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Genome Biol. 2003;4(9):R58. Epub 2003 Aug 20.

Comparison of K+-channel genes within the genomes of Anopheles gambiae and Drosophila melanogaster.

Author information

  • Department of Chemistry, University of Florida, Gainesville, FL 32611, USA, Present address: Department of Pharmacology and Therapeutics, University of Florida, Gainesville, FL 32610-0267, USA. tmccor@ufl.edu

Abstract

BACKGROUND:

Potassium channels are the largest and most diverse type of ion channel found in nature. The completion of the sequencing of the genomes of Drosophila melanogaster and Anopheles gambiae, which belong to the same order, the Diptera, allows us to compare and contrast K+-channel genes and gene families present within the genomes of two dipterans.

RESULTS:

This study identifies at least eight voltage-gated K+-channel genes in Anopheles, as well as three Slo-family, three Eag-family and six inward rectifier K+-channel genes. The genomic organization of K+-channel genes from Drosophila and Anopheles is well conserved. The sequence identity of the most similar K+-channel gene products between these two species ranges from 42% to 98%, with a mean value of 85%. Although most K+-channel genes in Drosophila and Anopheles are present in a 1:1 ratio, Anopheles has more genes in three K+-channel types, namely KQT, Kv3, and inward rectifier channels. Microsynteny between the genes flanking K+-channel genes in Drosophila and Anopheles was seldom observed; however, most of the K+-channel genes are indeed located at positions which a previous genome-wide comparison has designated as homologous chromosomal regions.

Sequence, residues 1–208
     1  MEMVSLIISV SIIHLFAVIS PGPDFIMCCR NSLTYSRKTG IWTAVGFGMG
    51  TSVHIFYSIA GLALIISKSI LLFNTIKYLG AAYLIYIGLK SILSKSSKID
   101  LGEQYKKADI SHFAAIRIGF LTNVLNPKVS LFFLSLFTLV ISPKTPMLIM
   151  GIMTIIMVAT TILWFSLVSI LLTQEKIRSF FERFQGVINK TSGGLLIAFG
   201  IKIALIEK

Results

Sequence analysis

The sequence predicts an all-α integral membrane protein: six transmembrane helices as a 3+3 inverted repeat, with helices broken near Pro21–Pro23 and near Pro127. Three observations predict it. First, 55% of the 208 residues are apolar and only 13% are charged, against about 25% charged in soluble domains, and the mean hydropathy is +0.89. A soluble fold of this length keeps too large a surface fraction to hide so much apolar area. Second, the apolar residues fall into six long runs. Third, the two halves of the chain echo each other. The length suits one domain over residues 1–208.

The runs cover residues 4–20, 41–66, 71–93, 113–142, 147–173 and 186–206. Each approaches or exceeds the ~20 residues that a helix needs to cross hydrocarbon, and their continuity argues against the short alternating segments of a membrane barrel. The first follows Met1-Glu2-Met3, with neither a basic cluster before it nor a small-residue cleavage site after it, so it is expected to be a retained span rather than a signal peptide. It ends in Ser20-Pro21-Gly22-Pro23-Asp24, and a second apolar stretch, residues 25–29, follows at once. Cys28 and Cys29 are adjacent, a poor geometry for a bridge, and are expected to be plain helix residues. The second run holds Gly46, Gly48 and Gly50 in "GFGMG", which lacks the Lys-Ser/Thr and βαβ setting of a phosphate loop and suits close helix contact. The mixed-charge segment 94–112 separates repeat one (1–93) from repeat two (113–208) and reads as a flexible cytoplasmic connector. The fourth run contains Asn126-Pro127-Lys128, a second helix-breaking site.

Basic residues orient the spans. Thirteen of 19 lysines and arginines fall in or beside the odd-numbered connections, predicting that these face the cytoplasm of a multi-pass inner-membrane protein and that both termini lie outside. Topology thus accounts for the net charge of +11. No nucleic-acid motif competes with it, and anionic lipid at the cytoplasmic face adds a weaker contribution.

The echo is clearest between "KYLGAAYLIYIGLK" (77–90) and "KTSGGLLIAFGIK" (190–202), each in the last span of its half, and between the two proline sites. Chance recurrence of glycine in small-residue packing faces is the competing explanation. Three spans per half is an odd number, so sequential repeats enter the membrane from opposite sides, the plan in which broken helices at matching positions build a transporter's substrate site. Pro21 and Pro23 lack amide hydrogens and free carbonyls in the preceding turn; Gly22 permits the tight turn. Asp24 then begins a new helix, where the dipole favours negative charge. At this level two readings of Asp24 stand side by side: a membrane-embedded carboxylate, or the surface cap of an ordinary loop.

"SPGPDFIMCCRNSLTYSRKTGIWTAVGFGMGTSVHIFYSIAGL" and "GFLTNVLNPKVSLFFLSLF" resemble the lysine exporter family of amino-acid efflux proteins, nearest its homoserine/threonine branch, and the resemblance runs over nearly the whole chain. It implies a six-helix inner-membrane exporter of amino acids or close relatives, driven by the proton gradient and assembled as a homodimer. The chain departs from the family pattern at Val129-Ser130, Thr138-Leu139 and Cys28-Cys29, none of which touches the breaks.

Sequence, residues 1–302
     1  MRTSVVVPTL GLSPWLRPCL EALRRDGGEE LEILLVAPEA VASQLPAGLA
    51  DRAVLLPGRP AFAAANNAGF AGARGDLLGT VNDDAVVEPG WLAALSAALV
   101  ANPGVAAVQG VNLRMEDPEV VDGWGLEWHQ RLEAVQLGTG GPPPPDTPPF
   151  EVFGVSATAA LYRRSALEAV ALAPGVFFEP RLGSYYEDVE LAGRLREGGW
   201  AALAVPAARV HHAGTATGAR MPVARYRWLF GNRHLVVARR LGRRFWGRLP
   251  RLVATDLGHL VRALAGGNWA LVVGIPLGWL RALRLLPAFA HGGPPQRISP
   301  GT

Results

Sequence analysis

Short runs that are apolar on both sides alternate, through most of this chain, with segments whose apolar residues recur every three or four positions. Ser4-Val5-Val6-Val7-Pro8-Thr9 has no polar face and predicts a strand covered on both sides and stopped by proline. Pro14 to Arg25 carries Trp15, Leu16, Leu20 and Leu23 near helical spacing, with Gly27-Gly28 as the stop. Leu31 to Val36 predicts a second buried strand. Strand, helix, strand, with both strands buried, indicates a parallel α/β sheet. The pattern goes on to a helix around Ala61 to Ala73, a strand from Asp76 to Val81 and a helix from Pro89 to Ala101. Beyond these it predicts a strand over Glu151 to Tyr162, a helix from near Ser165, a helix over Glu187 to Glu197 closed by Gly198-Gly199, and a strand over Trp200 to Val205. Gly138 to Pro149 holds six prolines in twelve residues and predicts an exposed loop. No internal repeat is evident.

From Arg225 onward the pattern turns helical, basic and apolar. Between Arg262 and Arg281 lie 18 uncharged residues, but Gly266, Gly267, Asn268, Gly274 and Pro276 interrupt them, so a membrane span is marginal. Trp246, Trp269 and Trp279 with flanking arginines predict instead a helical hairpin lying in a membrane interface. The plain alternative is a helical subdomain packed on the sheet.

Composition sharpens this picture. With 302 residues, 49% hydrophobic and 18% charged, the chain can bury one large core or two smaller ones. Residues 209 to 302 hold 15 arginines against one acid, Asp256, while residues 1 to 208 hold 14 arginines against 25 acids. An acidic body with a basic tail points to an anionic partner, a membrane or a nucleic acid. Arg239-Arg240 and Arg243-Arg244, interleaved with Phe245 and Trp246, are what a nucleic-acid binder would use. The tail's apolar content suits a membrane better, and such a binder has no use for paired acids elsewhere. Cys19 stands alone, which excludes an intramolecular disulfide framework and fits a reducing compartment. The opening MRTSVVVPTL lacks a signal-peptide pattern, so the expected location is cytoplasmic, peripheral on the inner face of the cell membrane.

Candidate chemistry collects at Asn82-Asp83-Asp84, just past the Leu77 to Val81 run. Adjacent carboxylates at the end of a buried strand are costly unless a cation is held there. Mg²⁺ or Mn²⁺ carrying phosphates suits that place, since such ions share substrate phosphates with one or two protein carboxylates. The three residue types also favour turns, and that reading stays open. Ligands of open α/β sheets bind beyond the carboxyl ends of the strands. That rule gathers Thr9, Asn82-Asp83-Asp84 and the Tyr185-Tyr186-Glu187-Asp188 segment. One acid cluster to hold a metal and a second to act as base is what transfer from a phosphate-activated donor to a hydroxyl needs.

CONCLUSIONS:

The Anopheles genome encodes more voltage-gated and inward rectifier K+-channel genes than that of Drosophila. Despite the conservation of intron-exon boundaries, orthologs of genes flanking K+-channel genes in Drosophila are generally not found adjacent to the Anopheles K+-channel orthologs, suggesting that extensive translocation of genes has occurred since the divergence of these two organisms.

PMID:
12952537
[PubMed - indexed for MEDLINE]
PMCID:
PMC193658
Free PMC Article

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